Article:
enforced

Technical terms
The English Legal System has been influenced by both
the Roman or Civil System of Law
Law French was the language of the Courts following
the Norman Conquest
The influence of these languages remains in phrases
like habeas corpus, ultra vires, autrefois acquit, laches
Woolf reforms eliminated many of the terms used in the
courts for procedure

Summary of lecture
You should now have an appreciation of elementary legal
classifications and be able to explain:
1.
2.
3.
4.
5.
6.
7.

What is meant by civil and criminal jurisdiction?


How public and private laws are distinguishable?
What common law and equity are and how they developed?
What is mean by civil or Roman law traditions?
How adversarial and inquisitorial systems differ?
What is the difference between substantive and adjectival law?
How technical terms borrowed from Latin and Law French are
used in the courts?

Further reading for this


lecture
Smith, A.T.H, Glanville Williams
Learning the Law (London: Sweet and
Maxwell, 2002), the whole of chapter 1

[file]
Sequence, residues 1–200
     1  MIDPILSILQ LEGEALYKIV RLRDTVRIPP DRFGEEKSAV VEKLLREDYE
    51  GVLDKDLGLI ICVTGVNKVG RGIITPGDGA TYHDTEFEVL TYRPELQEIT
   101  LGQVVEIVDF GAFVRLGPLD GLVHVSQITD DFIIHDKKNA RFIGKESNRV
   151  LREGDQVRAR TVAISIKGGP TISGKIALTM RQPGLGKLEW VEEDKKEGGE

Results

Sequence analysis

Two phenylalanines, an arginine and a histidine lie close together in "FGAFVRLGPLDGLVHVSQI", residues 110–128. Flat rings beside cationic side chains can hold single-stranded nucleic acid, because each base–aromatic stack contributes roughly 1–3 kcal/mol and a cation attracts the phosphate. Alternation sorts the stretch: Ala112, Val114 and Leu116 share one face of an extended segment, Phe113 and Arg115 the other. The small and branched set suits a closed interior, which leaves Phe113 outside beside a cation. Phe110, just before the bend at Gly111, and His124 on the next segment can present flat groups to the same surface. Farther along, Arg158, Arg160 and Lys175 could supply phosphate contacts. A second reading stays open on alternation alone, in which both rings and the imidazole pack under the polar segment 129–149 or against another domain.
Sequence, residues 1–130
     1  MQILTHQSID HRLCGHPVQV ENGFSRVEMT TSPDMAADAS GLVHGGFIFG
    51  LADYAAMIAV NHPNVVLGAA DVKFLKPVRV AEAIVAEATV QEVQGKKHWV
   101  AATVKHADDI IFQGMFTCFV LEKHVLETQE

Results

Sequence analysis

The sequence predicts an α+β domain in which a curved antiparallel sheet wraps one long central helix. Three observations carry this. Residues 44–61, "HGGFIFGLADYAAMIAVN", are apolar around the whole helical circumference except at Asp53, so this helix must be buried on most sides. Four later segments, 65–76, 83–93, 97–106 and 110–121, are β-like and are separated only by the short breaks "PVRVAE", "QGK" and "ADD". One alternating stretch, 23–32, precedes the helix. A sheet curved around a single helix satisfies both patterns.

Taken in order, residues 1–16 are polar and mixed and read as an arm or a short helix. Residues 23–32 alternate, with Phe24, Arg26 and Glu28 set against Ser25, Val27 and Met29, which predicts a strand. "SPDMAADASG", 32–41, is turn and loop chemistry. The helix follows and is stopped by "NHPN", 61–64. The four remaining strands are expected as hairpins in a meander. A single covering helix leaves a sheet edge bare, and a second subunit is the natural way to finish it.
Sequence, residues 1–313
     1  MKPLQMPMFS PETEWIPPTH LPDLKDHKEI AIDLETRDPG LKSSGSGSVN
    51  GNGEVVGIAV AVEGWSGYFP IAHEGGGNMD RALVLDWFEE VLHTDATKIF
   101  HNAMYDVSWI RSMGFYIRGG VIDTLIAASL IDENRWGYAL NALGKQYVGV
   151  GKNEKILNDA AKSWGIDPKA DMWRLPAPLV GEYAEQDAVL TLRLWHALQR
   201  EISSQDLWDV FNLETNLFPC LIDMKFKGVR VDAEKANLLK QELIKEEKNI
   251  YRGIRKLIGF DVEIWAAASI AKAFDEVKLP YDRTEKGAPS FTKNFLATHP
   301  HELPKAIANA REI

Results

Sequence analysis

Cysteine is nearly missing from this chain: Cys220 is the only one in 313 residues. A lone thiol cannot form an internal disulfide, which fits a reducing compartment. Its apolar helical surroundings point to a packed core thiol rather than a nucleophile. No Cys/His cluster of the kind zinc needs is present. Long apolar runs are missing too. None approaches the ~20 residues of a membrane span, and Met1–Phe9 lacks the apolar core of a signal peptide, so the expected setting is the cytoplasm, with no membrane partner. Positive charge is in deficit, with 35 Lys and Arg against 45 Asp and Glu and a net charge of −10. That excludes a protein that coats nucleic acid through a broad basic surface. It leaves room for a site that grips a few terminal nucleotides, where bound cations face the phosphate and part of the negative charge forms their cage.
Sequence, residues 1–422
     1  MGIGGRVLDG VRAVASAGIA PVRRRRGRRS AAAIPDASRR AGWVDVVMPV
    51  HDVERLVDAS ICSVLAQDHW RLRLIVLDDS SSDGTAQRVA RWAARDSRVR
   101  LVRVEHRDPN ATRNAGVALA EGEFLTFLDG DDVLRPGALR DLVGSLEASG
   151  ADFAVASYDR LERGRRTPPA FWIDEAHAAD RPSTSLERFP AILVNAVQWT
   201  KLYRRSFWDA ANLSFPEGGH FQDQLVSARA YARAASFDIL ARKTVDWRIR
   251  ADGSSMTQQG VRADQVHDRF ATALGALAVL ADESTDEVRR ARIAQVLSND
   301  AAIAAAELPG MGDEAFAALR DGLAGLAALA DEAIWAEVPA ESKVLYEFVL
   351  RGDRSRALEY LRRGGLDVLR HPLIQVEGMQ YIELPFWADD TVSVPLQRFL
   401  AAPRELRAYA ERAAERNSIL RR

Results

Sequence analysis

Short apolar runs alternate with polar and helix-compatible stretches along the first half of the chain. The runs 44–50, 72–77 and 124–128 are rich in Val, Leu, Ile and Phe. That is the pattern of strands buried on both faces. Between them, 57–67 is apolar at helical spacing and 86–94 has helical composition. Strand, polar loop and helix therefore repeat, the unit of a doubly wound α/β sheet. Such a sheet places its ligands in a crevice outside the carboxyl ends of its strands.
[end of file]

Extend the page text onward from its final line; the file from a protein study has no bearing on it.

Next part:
apart from the court chapters, pp.4-18
For a historical overview see Baker,
J.H., An Introduction to English Legal
History (2002, 4th edition)

Further reading for this lecture


Partington, M., Introduction to the English Legal
System (Oxford: Oxford University Press, 2003, 2nd
edition), chapter 1 Knowledge, themes and structure,
chapter 11 Conclusion: Is the English Legal System
fit for its purpose?, have a look also at the chapters
on administrative justice and family justice
Do you think that Partington is right to contend that this
division gives a better understanding of the structure
of the English Legal System for the beginner?